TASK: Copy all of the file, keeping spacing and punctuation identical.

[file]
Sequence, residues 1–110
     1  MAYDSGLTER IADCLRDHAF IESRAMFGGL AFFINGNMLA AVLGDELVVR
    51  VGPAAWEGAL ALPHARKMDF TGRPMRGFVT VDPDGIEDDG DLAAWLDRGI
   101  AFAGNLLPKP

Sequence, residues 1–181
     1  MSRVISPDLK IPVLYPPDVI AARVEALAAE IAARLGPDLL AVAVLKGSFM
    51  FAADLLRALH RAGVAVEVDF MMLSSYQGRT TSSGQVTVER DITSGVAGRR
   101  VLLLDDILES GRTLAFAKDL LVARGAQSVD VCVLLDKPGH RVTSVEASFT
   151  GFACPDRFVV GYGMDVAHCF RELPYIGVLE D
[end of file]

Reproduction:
Sequence, residues 1–110
     1  MAYDSGLTER IADCLRDHAF IESRAMFGGL AFFINGNMLA AVLGDELVVR
    51  VGPAAWEGAL ALPHARKMDF TGRPMRGFVT VDPDGIEDDG DLAAWLDRGI
   101  AFAGNLLPKP

Sequence, residues 1–181
     1  MSRVISPDLK IPVLYPPDVI AARVEALAAE IAARLGPDLL AVAVLKGSFM
    51  FAADLLRALH RAGVAVEVDF MMLSSYQGRT TSSGQVTVER DITSGVAGRR
   101  VLLLDDILES GRTLAFAKDL LVARGAQSVD VCVLLDKPGH RVTSVEASFT
   151  GFACPDRFVV GYGMDVAHCF RELPYIGVLE D